Rationale: Nocturnal asthma is a common presentation and is associated with a more severe form of the disease. However, there are few epidemiologic studies of nocturnal asthma, particularly in minority populations.
Objectives: To identify factors associated with nocturnal asthma, including the contribution of self-identified race/ethnicity and genetic ancestry.
Methods: The analysis included individuals from the Study for Asthma Phenotypes and Pharmacogenomic Interactions by Race-ethnicity (SAPPHIRE) cohort. Nocturnal asthma symptoms were assessed by questionnaire. Genome-wide genotype data were used to estimate genetic ancestry in a subset of African American participants. Logistic regression was used evaluate the association of various factors with nocturnal asthma, such as self-identified race/ethnicity and genetic ancestry.
Measurement and main results: The study comprised 3,380 African American and 1,818 European Americans individuals with asthma. After adjusting for other potential explanatory variables, including controller medication use, African Americans were more than twice as likely (odds ratio, 2.56; 95% confidence interval, 2.24-2.93) to report nocturnal asthma when compared with European American individuals. Among the subset of African American participants with genome-wide genotype data (n = 1,040), estimated proportion of African ancestry was also associated with an increased risk of nocturnal asthma (P = 0.007). Differences in lung function explained a small, but statistically significant (P = 0.02), proportion of the relationship between genetic ancestry and nocturnal asthma symptoms.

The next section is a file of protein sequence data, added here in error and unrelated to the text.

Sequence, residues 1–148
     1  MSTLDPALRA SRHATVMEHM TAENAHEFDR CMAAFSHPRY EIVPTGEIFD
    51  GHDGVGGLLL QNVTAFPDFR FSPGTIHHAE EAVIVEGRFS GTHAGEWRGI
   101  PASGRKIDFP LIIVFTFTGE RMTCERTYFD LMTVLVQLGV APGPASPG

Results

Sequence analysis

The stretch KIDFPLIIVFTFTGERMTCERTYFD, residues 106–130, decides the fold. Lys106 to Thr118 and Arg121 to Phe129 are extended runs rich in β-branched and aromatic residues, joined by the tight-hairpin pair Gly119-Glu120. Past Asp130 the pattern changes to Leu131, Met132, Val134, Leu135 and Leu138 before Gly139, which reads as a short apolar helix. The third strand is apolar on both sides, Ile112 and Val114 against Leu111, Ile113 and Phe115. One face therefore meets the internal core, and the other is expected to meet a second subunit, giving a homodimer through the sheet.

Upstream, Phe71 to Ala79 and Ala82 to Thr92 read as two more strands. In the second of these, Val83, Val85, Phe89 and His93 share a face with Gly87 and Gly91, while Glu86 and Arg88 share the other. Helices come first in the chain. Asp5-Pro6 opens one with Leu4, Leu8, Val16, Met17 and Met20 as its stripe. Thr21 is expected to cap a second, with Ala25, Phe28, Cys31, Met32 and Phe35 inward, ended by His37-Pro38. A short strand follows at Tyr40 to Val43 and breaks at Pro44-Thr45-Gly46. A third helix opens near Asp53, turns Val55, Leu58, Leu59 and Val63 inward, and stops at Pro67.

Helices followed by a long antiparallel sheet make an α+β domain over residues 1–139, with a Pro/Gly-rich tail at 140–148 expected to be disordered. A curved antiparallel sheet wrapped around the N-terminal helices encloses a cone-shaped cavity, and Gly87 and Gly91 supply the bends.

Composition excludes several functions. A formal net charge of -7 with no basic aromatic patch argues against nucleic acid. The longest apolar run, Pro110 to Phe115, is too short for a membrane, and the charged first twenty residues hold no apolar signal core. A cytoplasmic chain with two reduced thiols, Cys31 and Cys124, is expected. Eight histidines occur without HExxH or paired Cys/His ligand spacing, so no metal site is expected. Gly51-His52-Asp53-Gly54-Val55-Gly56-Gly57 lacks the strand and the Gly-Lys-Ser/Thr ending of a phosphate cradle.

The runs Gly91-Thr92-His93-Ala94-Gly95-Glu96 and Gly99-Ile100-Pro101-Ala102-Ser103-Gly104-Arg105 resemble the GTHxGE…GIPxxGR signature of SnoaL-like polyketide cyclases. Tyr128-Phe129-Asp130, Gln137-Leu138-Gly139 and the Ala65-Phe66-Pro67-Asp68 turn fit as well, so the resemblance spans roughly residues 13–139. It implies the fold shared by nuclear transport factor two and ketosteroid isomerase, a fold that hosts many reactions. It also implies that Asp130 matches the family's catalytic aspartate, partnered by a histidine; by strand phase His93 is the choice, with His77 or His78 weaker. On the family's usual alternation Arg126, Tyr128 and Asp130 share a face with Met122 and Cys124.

Conclusions: Both self-identified race/ethnicity and African ancestry appear to be independent predictors of nocturnal asthma. The mechanism by which genetic ancestry contributes to population-level differences in nocturnal asthma appears to be largely independent of lung function.
Keywords: asthma; genetic ancestry; lung function; nocturnal symptoms; race/ethnicity.